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Dr. Carol Morales

A lifelong resident of Harlem, New York, Dr. Carol S. Morales was born, reared and educated in the community where she continues to work as a dentist and give back through volunteering.

After graduating from Washington Irving High School, Morales attended the City College of New York, receiving a degree in biological sciences. While completing her undergraduate coursework, Morales worked as a dental assistant in the office she now owns with her husband, Dr. Enrique Riggs. She received professional training from Howard University's College of Dentistry in Washington, D.C., where she earned the American Academy of Oral Medicine Award. After completing her residency in the Bronx, she has operated her own dental practice in Harlem since 1980.

Morales has been active in the community she calls home. She was selected to participate in a pilot project under the aegis of the William J. Clinton Presidential Foundation aimed at providing technical and business consulting to small businesses in Harlem. Additionally, she has worked with the Ice Hockey Program in Harlem, the Links Scholarship and Benefit Committee, and the Links Reading Project. Morales has also worked with the Links' Day Of The African Child Project, part of the International Trends Committee. She continues to participate in a number of professional associations, including the National Dental Society. Morales and her husband have been married since 1983.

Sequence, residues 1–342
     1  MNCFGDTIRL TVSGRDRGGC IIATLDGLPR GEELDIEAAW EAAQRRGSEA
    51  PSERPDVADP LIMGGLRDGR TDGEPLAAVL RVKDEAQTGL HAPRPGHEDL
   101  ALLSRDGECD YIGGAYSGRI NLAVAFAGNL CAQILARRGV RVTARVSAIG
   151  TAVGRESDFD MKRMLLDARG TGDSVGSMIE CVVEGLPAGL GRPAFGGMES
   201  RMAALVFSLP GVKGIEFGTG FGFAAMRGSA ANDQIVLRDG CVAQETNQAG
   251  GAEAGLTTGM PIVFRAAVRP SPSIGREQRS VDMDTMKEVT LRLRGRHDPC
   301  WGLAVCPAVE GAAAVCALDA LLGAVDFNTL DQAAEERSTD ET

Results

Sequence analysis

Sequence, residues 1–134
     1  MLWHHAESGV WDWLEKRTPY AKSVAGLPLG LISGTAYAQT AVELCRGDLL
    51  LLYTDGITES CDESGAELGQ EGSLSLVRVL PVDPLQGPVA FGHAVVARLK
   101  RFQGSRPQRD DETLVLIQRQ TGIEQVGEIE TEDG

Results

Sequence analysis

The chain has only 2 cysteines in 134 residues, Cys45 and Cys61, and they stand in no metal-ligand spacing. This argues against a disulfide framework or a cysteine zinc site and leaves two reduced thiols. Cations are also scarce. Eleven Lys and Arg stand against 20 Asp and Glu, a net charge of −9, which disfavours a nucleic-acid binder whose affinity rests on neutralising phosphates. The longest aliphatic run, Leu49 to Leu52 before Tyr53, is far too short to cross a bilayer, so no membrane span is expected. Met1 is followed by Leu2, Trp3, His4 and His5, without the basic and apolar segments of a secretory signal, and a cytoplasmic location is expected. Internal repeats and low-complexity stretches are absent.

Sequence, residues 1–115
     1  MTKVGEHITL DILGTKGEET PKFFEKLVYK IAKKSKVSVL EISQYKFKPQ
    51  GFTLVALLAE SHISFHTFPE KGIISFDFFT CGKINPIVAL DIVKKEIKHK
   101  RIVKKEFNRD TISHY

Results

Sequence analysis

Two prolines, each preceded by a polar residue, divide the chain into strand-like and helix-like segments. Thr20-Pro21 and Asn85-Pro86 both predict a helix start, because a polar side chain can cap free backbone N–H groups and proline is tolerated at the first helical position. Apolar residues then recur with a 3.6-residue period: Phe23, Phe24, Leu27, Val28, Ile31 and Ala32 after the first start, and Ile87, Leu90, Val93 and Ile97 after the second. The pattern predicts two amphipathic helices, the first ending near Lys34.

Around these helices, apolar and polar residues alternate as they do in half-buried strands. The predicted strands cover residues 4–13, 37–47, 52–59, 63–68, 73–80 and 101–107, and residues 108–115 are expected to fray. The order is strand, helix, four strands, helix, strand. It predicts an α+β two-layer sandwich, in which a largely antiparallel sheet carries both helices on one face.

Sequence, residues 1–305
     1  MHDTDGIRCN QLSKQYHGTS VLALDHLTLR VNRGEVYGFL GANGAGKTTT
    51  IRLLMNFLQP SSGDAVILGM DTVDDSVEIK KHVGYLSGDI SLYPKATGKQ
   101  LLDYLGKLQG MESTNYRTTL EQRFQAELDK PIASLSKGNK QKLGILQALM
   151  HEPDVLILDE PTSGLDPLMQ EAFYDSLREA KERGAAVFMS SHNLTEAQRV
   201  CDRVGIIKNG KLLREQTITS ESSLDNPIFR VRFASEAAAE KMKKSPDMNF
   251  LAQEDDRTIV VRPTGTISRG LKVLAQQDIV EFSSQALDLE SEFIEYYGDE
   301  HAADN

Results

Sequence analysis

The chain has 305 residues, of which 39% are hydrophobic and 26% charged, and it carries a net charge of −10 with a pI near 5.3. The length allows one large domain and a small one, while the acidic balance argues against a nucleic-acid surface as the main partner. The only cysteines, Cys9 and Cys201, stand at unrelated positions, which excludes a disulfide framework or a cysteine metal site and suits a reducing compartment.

Accession Number

A2003.220

Sex

Female

Interview Date

9/20/2003

Last Name

Morales

Maker Category
Occupation
Organizations
Schools

Washington Irving High School

City College of New York

Howard University College of Medicine

First Name

Carol

Birth City, State, Country

New York

HM ID

MOR05

Favorite Season

Spring

State

New York

Favorite Vacation Destination

Anywhere Warm

Favorite Quote

None

Bio Photo
Speakers Bureau Region State

New York

Interview Description
Birth Date

12/11/1945

Birth Place Term
Speakers Bureau Region City

New York

Country

USA

Favorite Food

Salmon

Short Description

Dentist Dr. Carol Morales (1945 - ) grew up in Harlem, New York, and moved back to her neighborhood to open a practice after graduating from dental school at Howard University. She worked on providing technical and business consulting to small businesses in Harlem with the William J. Clinton Presidential Foundation,

Favorite Color

Yellow

Timing Pairs
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DAStories

Tape: 1 Story: 1 - Slating of Dr. Carol Morales' interview

Tape: 1 Story: 2 - Dr. Carol Morales lists her favorites

Tape: 1 Story: 3 - Dr. Carol Morales talks about her mother's family ancestry